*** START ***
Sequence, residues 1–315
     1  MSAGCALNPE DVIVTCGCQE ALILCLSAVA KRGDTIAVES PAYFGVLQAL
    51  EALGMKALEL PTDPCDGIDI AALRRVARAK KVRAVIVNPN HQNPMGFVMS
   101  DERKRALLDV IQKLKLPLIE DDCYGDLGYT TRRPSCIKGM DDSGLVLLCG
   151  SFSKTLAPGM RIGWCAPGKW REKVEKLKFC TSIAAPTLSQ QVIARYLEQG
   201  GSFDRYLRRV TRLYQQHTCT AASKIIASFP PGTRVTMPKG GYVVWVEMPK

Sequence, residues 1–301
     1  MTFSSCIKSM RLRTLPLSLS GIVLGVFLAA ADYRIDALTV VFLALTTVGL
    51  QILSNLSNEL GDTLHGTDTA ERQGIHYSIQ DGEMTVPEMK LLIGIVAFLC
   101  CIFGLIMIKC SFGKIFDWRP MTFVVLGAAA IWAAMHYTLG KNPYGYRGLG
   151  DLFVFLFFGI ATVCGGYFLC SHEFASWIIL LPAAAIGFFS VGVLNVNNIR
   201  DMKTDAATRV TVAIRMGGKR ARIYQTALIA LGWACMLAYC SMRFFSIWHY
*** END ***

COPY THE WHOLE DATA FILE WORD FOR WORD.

Sequence, residues 1–315
     1  MSAGCALNPE DVIVTCGCQE ALILCLSAVA KRGDTIAVES PAYFGVLQAL
    51  EALGMKALEL PTDPCDGIDI AALRRVARAK KVRAVIVNPN HQNPMGFVMS
   101  DERKRALLDV IQKLKLPLIE DDCYGDLGYT TRRPSCIKGM DDSGLVLLCG
   151  SFSKTLAPGM RIGWCAPGKW REKVEKLKFC TSIAAPTLSQ QVIARYLEQG
   201  GSFDRYLRRV TRLYQQHTCT AASKIIASFP PGTRVTMPKG GYVVWVEMPK

Sequence, residues 1–301
     1  MTFSSCIKSM RLRTLPLSLS GIVLGVFLAA ADYRIDALTV VFLALTTVGL
    51  QILSNLSNEL GDTLHGTDTA ERQGIHYSIQ DGEMTVPEMK LLIGIVAFLC
   101  CIFGLIMIKC SFGKIFDWRP MTFVVLGAAA IWAAMHYTLG KNPYGYRGLG
   151  DLFVFLFFGI ATVCGGYFLC SHEFASWIIL LPAAAIGFFS VGVLNVNNIR
   201  DMKTDAATRV TVAIRMGGKR ARIYQTALIA LGWACMLAYC SMRFFSIWHY